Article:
Campus Student Government

Looking to the future with SGA



The Daily Cougar sat down with Student Government Association President Cedric Bandoh to provide students with a wrap-up of the numerous accomplishments that SGA has achieved throughout the fall semester and its plans for the spring semester. SGA will have a new office in the New UC, featuring its senate chambers for biweekly senate meetings. SGA will reveal the University’s newly acquired piece of the World Trade Center during the WTC dedication ceremony at 1 p.m. Jan. 29 at the New UC, followed by a celebration of SGA’s 50th anniversary at 6 p.m.

The Daily Cougar: What types of bills has SGA passed this semester that will impact students?

Cedric Bandoh: We passed a resolution unanimously with the UC Policy Board to change the name of the University Center to the Student Center. The other day I wrote a memorandum, so it went through (Vice President for Student Affairs and Enrollment Richard) Walker, who has approved it. Now it’s going to go through (President Renu) Khator, and I talked to her in our last meeting, and she said she’s fine with it. To make it official, we’re writing up the correct paperwork to make the name change in January 2015, once the whole project is complete.

TDC: How were you able to extend the library hours for students this semester? Will UH ever see a 24-hour library?

CB: We already have a 24-hour lounge, but the feasibility of opening up the whole library 24 hours just wouldn’t be cost-efficient. So we worked with the dean of libraries and the library administration to say, “OK, what can we do in the interim, and what can we do to maybe one day end up at a 24-hour library?” So the dean, she’s fantastic over there. She said, “OK, you know I’ll work with you guys, and we use data to support making decisions like that.” She goes, “We’ll extend the library hours one hour this year,” and we agreed to that. So now the library closes at 2 a.m., and we’re really excited about that. What we’re doing is actually monitoring the traffic and in those last couple of hours to see if the traffic there warrants extending the hours even more.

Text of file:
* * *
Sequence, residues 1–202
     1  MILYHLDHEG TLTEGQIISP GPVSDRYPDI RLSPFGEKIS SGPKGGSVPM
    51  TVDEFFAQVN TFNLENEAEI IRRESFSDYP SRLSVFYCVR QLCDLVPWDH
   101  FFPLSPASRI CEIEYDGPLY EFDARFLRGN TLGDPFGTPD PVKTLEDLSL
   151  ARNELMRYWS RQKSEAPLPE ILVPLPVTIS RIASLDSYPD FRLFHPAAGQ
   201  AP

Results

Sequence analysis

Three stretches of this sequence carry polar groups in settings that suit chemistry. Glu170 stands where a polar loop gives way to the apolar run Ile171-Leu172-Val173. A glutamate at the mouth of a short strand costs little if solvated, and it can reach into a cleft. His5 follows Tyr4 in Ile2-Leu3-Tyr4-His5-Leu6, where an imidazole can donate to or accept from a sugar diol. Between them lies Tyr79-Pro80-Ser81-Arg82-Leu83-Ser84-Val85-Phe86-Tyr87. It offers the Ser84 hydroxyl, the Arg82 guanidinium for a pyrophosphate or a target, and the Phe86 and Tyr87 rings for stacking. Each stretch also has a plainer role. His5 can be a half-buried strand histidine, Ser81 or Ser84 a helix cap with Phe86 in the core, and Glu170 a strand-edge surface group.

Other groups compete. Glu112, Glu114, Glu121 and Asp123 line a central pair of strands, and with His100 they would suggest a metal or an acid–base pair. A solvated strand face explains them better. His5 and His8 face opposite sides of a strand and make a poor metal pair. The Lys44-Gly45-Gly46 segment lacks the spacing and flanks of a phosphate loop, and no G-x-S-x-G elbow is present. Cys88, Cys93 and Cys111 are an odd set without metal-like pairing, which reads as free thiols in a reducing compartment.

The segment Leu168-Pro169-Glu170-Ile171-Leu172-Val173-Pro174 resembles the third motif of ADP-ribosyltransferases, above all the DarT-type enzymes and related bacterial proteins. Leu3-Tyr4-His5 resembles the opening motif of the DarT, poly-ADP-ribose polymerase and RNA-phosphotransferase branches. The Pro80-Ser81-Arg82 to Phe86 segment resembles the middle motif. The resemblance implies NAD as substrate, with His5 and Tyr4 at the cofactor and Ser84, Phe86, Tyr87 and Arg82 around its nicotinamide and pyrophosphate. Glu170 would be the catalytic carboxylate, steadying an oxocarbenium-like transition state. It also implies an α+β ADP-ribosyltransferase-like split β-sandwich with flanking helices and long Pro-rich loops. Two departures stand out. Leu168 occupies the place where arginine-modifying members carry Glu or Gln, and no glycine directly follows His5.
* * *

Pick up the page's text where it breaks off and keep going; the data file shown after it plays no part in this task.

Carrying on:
TDC: How effective has the Improve UH site been for students since its launch in August?

CB: It’s been an extreme success. You know, we have different subject areas that students are able to kind of give their ideas. Some really good ideas have been submitted. Some issues have come up and been submitted and we’re able to address it — things that we never would have even known of if it didn’t come through Improve UH — like for example, Farish Hall. Apparently, the bathrooms there need a lot of work. Actually, the stalls were missing, and some of the ladies sent us some information on (Improve UH) that you can’t get any privacy when you’re using (the bathroom). … I was able to send that over to facilities; they’re already working on it. But they gave me specifics: ‘This is the project timeline, this is the project manager.’ So we’re able to have that detail of a discussion with students now, with this platform.

TDC: What is the status of the University app moving forward into the spring semester? I know students have been on the buzz about ‘where is it.’

CB: So the app is actually complete (and will release in January). I got an email the other day that we have the final version of it. We’ve been doing a lot of testing with students actually to get all the usability testing done. We’ve been taking it back and forth to the developer for things to change and fix. What is going on right now is that we’re just waiting for everything to be approved by Apple and Google Play. So that’s where we are right now. I just actually met with the IT people the other day, and they were jumping for joy, ‘We’re done.’ So we just have to wait for paperwork, all the legal stuff. We wanted to make sure we deliver a top-quality app to students. … So the reason why we waited (is) to make sure it’s top-quality, so when it’s released, there are really no questions asked.

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